archive.today

archive.today (formerly archive.is) is an archive site which stores snapshots of web pages.[3] It retrieves one page at a time similar to WebCite, smaller than 50MB each, but with support for JavaScript-heavy sites such as Google Maps and progressive web applications such as Twitter.

Archive.today records simultaneously two different 'snapshots' of a web-page. One is "Webpage" which includes any functional live links that are in the original. The other is "Screenshot" which provides a static and non-interactive visualization of the representation.[4]

Archive.today can capture individual pages in response to explicit user requests.[5][6][7] Since its beginning, Archive.Today supports crawling pages with URLs containing a now-deprecated hash-bang fragment (#!).[8]

Archive.today records only text and images, excluding video, XML, RTF, spreadsheet (xls or ods) and other non-static content. It keeps track of the history of snapshots saved, returning to the user a request for confirmation before adding a new snapshot of an already saved Internet address.[9]

Pages are captured with 1024 pixels of browser width. CSS is converted to inline CSS, removing responsive web design and selectors such as :hover and :active. Content generated using JavaScript during the crawling process appears in a frozen state.[10] HTML class names are preserved inside the old-class attribute.

When text is selected, a JavaScript applet[clarification needed] generates a URL fragment seen in the browser's URL bar that automatically highlights that portion of the text when visited again.

Web pages cannot be duplicated from archive.is to web.archive.org as second-level backup, as archive.is places an exclusion for Wayback Machine and does not save its snapshots in WARC format. The reverse—from web.archive.org to archive.is—is possible,[11][circular reference] but the copy usually takes more time than a direct capture. Some web sites get deleted from Internet Archive's listings retroactively or blocked from being saved due to their robots.txt file, but Archive.today does not use this.[citation needed]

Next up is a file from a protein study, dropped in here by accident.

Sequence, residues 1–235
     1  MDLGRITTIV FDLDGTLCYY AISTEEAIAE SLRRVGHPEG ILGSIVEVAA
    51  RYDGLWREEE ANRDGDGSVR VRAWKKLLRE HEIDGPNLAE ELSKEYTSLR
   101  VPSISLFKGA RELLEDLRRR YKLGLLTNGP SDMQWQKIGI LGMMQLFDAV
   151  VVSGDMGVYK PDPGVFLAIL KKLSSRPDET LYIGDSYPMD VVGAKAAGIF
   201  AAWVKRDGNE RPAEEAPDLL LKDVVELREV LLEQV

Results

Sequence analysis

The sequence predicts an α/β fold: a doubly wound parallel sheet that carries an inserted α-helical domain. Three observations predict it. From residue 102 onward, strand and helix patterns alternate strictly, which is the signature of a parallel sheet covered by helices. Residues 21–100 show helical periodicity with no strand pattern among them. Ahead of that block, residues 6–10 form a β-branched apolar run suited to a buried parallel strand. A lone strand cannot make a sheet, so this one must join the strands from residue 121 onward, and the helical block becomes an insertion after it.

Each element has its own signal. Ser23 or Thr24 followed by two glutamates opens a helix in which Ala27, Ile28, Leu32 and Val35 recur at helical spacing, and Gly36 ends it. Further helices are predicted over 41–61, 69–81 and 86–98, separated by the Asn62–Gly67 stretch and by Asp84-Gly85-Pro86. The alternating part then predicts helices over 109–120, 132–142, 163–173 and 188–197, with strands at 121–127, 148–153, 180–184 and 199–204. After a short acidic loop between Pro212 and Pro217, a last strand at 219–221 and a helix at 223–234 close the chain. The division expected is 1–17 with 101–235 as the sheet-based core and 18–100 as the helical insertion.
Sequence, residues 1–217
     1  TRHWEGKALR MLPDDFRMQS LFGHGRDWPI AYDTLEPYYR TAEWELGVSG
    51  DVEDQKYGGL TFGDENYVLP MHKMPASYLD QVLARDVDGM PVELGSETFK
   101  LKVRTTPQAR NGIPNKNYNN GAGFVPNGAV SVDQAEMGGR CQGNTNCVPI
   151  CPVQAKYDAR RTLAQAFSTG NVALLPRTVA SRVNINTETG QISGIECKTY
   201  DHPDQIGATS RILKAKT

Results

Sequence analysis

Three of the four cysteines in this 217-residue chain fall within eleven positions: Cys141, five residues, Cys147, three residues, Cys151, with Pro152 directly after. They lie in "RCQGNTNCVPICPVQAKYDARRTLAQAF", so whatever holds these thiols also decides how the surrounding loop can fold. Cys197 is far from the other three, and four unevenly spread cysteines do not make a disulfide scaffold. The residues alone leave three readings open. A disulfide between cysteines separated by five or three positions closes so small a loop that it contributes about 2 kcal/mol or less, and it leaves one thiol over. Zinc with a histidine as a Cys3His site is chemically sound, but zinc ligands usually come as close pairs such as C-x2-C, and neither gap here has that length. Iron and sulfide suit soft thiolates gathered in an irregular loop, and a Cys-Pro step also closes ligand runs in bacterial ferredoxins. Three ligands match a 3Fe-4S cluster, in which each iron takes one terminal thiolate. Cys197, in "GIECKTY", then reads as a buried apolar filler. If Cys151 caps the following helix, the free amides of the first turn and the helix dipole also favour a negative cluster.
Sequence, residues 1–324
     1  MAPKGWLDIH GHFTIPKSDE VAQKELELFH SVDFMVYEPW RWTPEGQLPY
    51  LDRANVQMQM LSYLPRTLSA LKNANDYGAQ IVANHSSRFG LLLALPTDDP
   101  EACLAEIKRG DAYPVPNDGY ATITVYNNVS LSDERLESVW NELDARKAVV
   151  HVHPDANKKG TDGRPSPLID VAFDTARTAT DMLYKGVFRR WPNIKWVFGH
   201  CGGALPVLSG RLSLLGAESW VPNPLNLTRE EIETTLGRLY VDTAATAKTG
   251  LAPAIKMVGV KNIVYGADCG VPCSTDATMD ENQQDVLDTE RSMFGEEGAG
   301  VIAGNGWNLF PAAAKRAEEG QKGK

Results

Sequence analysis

The research toolbar enables advanced keywords operators, using * as the wildcard character. A couple of quotation marks address the search to an exact sequence of keywords present in the title or in the body of the webpage, whereas the insite operator restricts it to a specific Internet domain.[12]

Once a web page is archived, it cannot be deleted directly by any Internet user.[13]

While saving a dynamic list, archive.today searchbox shows only a result that links the previous and the following section of the list (e.g. 20 links for page).[14] The other web pages saved are filtered, and sometimes may be found by one of their occurrences.[citation needed]

The search feature is backed by Google CustomSearch. If it delivers no results, archive.is attempts to utilize Yandex Search.[citation needed]

If a page has already been archived, archive.is asks the user to confirm archiving a new revision, instead of immediately archiving it.[citation needed]

While loading a page, a list of URLs to individual page elements among their content sizes, HTTP statuses and MIME types is shown. This list can only be viewed during the crawling process.[citation needed]

One can download archived pages as a ZIP file, except pages archived since 29 November 2019, when Archive.Today changed their browser engine from PhantomJS to Chromium.[15]

Since July 2013, archive.today supports the Memento Project application programming interface (API).[16][17]

Archive.today was founded in 2012. The site originally branded itself as archive.today, but in May 2015, changed the primary mirror to archive.is.[18]

In January 2019, it began to deprecate the archive.is domain in favor of the archive.today mirror.[19]

In March 2019, the site was blocked for six months by several Australian internet providers in the aftermath of the Christchurch mosque shootings in an attempt to limit distribution of the footage of the attack.[20][21]

According to GreatFire.org, archive.today has been blocked in China since March 2016,[22] archive.li since September 2017,[23] and archive.fo since July 2018.[24]

On 21 July 2015, the operators blocked access to the service from all Finnish IP addresses, stating on Twitter that they did this in order to avoid escalating a dispute they allegedly had with the Finnish government.[25]

In Russia, only HTTP access is possible; HTTPS connections are blocked.[26][27]